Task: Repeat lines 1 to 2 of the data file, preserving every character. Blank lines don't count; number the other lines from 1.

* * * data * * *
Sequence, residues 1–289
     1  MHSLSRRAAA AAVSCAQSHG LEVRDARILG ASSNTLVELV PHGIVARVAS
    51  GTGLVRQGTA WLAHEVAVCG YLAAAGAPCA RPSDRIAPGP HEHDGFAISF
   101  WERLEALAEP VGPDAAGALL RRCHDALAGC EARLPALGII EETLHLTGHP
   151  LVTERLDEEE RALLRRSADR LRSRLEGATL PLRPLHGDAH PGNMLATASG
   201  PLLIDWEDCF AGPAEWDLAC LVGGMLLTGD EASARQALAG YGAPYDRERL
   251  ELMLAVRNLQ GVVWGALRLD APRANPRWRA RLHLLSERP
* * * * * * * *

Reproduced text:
Sequence, residues 1–289
     1  MHSLSRRAAA AAVSCAQSHG LEVRDARILG ASSNTLVELV PHGIVARVAS